In My Neighbours are Kind of Weird? Livvie (Sophie Graham) is a self-described ‘micro-celebrity’ living rent-free in a family flat in Shoreditch with her archetypal self-obsessed, wellness-obsessed millennial fiancé, Eddie. As Livvie gropes for the clarity and satisfaction that seems to be coming easily to her peers, the strange antics of her upstairs neighbours bring trouble to her already-imperilled equilibrium. Things become stranger still when a dinner party with the offending neighbours, Kevin and Amahzing, devolves into chaos, causing Livvie to suspect that the mischievous, enigmatic couple living above her may, in fact, be Greek gods. Amid the obsessive attentions of the charismatic – possibly immortal – Kevin, portrayed brilliantly by the commanding James Stevens, Livvie’s long-repressed feelings of guilt and fragmented identity begin to manifest in anarchic, dangerous ways.
It’s a clever, witty play which takes aim at millennial culture, denouncing its disciples as hypocritical, narcissistic and deeply unserious. While this is well-trodden ground, Panda La Terrière’s script uncovers fresh veins of insight, delivering penetrating jabs that strike deep and true. Likewise, production designer Eliza Podesta’s set deserves praise for its strikingly recognisable rendering of Livvie’s millennial Shoreditch flat; the line art paintings and chunky floral prints are sure to feel acutely familiar to anyone who has ever set foot in the home of an East London young professional.
The play’s strange descent into the fantastical is filled with entertaining moments. The dinner party scene is a particular highlight, with the chaotic energy of the neighbours asserting itself more and more deeply as the scene progresses. But the play often loses sight of its thesis amid all the farcical fun of its absurd premise. The clarity of purpose necessary for effective satire becomes diminished as the narrative proceeds; new plot threads and revelations complicate the throughline of what exactly the play is trying to say. Why is Livvie enticed by the Greek gods? How do their lifestyles counterpoint the millennial culture which is breeding such dissatisfaction? Such questions might be answered were the play not spinning so many plates at once.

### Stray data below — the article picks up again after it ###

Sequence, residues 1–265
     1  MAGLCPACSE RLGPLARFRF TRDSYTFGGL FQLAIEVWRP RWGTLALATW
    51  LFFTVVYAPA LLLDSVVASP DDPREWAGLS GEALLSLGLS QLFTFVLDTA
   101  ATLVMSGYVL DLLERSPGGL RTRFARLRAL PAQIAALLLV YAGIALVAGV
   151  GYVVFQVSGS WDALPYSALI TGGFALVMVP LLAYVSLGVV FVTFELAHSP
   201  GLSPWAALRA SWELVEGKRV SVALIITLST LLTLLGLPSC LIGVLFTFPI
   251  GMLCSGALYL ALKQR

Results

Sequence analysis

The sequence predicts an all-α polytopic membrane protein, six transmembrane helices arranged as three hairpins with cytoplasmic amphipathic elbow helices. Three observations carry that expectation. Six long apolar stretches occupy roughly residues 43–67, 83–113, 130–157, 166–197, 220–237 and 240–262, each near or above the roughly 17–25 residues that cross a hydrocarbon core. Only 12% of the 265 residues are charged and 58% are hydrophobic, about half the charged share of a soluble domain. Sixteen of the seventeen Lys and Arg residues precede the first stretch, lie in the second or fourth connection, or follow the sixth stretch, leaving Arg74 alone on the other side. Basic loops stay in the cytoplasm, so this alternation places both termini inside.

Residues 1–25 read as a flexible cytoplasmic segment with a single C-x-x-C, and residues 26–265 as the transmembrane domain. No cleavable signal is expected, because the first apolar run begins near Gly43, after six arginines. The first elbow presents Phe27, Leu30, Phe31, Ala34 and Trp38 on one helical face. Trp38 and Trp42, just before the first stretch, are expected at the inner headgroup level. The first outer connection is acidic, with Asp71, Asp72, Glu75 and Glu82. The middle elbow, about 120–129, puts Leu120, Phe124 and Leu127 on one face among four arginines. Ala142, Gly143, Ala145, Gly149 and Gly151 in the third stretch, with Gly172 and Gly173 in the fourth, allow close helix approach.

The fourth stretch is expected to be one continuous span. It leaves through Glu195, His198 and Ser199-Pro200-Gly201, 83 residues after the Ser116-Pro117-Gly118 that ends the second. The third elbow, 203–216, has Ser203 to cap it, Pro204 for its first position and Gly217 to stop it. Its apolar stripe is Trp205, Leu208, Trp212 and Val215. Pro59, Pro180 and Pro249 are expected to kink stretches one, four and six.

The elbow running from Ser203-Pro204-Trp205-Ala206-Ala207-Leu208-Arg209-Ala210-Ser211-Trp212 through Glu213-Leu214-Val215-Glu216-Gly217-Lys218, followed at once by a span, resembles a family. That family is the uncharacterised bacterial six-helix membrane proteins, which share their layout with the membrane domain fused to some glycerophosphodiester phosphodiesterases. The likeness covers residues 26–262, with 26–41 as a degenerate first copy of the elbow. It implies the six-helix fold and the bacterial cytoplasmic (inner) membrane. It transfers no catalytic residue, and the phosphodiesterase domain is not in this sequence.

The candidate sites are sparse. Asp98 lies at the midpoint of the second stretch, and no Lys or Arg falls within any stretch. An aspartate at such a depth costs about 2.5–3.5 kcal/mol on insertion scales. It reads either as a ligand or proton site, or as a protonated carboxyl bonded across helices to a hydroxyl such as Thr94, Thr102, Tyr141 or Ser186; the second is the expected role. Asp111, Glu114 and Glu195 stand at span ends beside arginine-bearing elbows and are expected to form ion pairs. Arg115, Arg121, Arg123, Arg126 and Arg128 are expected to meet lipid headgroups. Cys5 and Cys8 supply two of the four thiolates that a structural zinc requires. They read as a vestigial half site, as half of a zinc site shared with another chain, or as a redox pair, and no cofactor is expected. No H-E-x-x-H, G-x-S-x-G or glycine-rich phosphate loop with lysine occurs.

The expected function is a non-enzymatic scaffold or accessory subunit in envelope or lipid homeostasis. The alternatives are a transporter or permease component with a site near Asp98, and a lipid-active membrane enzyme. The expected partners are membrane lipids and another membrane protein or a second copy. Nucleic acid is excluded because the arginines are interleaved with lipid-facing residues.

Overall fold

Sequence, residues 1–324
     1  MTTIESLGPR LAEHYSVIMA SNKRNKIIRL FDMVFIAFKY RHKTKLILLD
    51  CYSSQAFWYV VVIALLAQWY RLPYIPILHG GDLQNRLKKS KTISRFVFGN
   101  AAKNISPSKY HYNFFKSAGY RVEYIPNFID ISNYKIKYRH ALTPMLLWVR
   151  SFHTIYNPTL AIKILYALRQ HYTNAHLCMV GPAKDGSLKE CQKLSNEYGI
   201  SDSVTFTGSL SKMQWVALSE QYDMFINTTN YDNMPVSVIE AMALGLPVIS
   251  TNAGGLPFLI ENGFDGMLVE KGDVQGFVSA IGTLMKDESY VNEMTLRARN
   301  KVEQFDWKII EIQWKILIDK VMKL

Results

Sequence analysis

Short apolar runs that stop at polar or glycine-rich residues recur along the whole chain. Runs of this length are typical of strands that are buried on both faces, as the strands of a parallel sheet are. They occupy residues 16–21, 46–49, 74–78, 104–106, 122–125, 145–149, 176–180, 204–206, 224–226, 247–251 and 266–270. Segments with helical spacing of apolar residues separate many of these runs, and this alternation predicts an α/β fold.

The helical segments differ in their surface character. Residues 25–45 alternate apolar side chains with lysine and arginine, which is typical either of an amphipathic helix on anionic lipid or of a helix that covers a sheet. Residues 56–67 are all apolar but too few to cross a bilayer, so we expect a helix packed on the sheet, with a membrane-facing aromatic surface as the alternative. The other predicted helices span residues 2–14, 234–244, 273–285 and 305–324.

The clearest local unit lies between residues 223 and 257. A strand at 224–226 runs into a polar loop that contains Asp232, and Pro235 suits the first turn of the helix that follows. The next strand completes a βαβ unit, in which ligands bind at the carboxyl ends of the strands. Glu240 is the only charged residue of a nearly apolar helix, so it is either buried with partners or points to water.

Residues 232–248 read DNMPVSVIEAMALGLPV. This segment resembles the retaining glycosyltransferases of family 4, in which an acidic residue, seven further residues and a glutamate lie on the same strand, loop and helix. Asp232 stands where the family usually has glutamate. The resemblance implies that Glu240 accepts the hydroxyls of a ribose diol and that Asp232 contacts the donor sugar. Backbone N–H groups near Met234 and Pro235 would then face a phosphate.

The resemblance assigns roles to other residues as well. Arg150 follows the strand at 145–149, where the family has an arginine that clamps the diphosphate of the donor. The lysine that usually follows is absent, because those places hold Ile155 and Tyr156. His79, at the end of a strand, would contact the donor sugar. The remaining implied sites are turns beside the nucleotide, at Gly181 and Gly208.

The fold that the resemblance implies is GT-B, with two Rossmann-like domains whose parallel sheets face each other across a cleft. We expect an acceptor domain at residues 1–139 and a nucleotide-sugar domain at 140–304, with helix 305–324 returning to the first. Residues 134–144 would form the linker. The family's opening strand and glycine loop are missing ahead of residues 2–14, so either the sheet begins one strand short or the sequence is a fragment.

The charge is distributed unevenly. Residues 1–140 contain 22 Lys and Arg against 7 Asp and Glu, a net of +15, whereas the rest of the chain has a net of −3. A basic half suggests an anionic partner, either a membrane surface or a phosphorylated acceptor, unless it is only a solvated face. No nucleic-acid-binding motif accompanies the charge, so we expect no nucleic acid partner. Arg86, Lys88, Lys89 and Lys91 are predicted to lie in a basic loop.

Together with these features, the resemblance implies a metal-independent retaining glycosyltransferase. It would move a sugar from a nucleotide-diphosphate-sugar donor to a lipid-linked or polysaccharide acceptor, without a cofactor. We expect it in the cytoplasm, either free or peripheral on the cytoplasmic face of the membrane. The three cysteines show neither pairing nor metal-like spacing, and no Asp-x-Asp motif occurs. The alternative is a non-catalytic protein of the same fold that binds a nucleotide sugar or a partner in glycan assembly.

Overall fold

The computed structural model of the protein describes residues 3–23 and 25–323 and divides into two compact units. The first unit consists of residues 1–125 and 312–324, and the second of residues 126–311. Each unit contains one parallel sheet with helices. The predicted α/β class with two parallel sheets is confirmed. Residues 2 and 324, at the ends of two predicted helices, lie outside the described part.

The writing and performances demonstrate more than enough talent to effectively deliver on any one generic form, if they could only decide on what that form should be; oscillating between poignant satire, absurd farce, sincere drama and epic myth, the promise of satisfaction in any one of these modes is left unfulfilled.
Such narrative frustration might be felt more deeply were it not for the stellar performance of Graham as Livvie. She plays the central role with a pathos that consistently grounds the show; expressive and endearing, she proves eminently watchable and smooths out many bothersome narrative bumps. The play’s ambitions may not fully cohere into a satisfied whole, but a sharp script, comically adept cast and consistent sense of fun ensure a charming viewing experience, and one that is kind of weird.
Written by: Panda La Terrière
Directed by: Sophie Graham & Panda La Terrière
Produced by: Sophie Graham, Panda La Terrière & Eliza Podesta
My Neighbours are Kind of Weird? plays at Drayton Arms Theatre until 15 March. Further information and bookings can be found here.